That has been countered to an extent by Manny Pacquiao fighting in daylight hours in Australia, while Abu Dhabi has also hosted two major UFC cards — albeit the most recent coming four years ago. But what could really tip the scales would be the prospect of having a genuine world-class fighter from the region.
MTK believe Al-Qahtani fits the bill and have signed him for four years, which should take him up to the
seven or eight fight mark, a period of time he thinks should be enough to guarantee him a title attempt.
The road begins on July 13 against an opponent still to be confirmed at York Hall in East London. It is a home from home for Al-Qahtani, who was born in Jeddah, but moved to London as a schoolboy as two of his older brothers — Khalid and Fahad — were studying in the city.
By his own admission, Al-Qahtani was a troubled soul as a child. He used to take money to beat up bullies at school in south London, which led to suspension, police involvement and concern from his family at the direction his life was taking.
“All I knew was to fight,” he
“I went to a rough school and used to fight a lot. I wanted to bully the bullies; it wasn’t right, but it’s all I knew.”
Al-Qahtani channelled his anger and found solace in the “sweet science” after spending time with his brother Fahad in the gym and developing a growing fascination with every aspect of the sport, watching videos of Muhammad Ali, Prince Naseem Hamed, Marvin Hagler and Hector Camacho.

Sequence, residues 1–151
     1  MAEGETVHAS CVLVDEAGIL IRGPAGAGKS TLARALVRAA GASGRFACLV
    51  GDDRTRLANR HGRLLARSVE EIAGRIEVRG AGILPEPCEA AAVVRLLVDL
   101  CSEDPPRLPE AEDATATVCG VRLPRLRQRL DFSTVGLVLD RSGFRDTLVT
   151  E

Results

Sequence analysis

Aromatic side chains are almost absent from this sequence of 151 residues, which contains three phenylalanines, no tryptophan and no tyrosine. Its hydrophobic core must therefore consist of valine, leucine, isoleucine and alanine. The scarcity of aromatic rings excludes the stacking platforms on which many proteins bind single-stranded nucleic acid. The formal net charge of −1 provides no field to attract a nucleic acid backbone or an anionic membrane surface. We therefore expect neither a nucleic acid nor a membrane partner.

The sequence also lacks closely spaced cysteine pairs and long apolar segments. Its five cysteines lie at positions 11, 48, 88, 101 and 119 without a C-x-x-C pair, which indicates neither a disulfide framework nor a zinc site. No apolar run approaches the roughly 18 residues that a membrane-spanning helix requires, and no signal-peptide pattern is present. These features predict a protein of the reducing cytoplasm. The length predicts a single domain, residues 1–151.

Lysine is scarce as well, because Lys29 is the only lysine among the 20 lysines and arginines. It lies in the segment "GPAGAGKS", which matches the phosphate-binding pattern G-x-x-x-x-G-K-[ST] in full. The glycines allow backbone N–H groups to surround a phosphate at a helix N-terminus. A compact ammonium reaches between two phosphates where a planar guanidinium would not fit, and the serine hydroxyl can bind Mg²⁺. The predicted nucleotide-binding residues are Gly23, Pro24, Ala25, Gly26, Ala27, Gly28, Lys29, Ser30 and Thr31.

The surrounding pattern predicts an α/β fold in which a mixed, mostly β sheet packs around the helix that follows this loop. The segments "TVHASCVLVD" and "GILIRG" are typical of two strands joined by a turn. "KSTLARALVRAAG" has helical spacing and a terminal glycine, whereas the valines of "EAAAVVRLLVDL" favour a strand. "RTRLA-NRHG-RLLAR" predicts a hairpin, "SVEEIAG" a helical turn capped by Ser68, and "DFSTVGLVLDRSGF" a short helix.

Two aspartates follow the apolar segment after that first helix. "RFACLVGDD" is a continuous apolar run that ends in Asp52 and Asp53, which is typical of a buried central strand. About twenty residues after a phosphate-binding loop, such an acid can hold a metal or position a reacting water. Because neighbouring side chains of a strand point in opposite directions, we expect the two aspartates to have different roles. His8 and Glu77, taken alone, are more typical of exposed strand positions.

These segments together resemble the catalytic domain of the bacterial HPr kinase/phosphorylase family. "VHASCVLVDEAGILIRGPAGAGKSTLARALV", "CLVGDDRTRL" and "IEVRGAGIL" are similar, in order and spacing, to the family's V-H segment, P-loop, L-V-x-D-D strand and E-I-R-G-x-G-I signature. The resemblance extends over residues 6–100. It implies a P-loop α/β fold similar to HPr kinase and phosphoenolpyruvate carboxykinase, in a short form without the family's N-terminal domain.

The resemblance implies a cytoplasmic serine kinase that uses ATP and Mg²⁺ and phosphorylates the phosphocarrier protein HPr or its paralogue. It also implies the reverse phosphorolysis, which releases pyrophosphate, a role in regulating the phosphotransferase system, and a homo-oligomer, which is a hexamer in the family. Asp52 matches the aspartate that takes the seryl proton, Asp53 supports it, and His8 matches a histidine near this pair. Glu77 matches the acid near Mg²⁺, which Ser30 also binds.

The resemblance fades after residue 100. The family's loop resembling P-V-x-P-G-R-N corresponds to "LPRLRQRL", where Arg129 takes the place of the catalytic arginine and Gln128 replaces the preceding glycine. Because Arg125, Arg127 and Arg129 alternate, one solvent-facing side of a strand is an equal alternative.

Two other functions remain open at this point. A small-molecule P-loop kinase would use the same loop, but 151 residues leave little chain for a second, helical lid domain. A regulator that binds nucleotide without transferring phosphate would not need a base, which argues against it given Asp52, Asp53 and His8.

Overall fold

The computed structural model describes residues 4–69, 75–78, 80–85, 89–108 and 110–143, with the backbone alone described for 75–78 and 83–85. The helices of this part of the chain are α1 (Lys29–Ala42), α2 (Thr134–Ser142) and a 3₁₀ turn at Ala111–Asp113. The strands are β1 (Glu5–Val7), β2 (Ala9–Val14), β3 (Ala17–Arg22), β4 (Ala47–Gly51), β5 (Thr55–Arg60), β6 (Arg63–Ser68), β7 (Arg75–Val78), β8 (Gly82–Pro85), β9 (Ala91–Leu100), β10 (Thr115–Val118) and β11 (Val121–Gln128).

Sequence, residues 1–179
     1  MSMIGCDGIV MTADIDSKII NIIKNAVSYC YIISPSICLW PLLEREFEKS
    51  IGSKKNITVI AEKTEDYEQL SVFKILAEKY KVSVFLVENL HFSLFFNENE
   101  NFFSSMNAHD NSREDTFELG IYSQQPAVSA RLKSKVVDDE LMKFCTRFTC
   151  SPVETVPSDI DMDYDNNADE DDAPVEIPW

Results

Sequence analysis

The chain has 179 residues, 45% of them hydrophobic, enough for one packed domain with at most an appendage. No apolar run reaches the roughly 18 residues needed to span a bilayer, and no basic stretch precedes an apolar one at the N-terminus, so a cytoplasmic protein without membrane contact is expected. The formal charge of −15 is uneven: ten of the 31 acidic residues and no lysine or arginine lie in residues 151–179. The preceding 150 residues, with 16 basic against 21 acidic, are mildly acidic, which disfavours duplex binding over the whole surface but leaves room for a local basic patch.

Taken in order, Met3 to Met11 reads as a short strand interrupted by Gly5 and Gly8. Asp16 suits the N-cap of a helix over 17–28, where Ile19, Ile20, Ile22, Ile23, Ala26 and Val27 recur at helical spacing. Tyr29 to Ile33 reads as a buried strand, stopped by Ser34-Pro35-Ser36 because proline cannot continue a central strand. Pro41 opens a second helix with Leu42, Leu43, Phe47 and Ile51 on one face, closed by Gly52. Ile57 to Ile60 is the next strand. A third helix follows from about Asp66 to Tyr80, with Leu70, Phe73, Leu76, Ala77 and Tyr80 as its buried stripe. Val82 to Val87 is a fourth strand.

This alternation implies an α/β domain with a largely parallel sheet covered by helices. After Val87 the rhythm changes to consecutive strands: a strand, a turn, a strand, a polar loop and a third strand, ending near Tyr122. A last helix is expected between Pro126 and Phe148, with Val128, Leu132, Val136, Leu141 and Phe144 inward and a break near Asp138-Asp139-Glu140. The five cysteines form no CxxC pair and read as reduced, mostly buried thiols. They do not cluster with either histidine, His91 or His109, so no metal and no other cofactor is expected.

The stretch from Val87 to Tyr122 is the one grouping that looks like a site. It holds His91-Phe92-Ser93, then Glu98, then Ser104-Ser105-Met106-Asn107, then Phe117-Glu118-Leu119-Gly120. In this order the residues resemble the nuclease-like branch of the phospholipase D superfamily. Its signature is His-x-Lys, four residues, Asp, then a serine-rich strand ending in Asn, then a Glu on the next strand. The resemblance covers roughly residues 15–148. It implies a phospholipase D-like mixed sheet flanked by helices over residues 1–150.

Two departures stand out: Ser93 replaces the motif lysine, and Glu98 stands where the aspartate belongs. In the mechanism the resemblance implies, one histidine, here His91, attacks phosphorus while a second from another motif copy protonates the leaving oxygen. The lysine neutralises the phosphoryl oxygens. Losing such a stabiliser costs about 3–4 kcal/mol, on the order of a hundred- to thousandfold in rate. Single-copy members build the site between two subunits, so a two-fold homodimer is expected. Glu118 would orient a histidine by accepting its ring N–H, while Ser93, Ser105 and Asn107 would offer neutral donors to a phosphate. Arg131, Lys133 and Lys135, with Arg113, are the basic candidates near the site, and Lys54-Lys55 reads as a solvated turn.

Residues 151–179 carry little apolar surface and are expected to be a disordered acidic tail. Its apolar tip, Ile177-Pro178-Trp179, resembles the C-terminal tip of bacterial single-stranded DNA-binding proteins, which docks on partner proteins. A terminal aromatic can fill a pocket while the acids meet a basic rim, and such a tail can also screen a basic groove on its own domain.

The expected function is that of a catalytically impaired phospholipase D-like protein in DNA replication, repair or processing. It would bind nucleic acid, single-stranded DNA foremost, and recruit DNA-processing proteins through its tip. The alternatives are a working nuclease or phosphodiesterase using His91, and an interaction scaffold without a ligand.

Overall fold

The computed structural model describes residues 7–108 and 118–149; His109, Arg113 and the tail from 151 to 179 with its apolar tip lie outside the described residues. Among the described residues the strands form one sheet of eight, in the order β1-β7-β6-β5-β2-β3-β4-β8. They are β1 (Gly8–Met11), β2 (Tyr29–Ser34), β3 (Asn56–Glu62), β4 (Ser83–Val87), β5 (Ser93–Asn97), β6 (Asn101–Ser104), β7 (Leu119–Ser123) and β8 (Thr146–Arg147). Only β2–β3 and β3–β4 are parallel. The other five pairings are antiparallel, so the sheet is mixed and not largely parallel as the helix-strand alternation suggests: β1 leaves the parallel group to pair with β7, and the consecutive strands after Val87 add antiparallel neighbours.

By his early teens he was working out at a local youth club in Wimbledon before Fahad took him to the iconic Fitzroy Lodge gym. He soon knew what he wanted to do with his life.
“I love the concept of being able to push your body to a level that you’re so good, so fit, so skilful. I loved going to the gym to train, hit the bag, spar, shadow box.
“Growing up, I used to watch Naseem Hamed, Tyson, Hagler and Camacho. The whole flamboyant aspect of boxing. Every time I go to the gym, I try to imagine how they did it, what it took. I try to go through the same steps they went through.”
His best lesson, though, came from his former trainer, Mickey Cairney, who told Al-Qahtani he would not be allowed into a ring to compete unless he knuckled down at school.
“He sat me down and asked me, ‘what do you want to do?’ I said, ‘I want to box.’ He said, ‘you’re not ready and you can only box if you do well at school.’ After that moment
I started studying. It put me back on the straight and narrow. Boxing is the best form of meditation. It changed my life.”
Cairney’s wise words certainly worked as Al-Qahtani sat his GSCEs and made it to college before going on to study civil engineering at South Bank University, where he completed a degree and then a master’s.
Meanwhile, he was earning a reputation as a promising amateur, winning titles across the southeast of England and racking up an impressive 50-5 record. “Fifty wins and five robberies,” he said, laughing, claiming the defeats were politically motivated because he was being paired with up-and-comers in the Team GB program.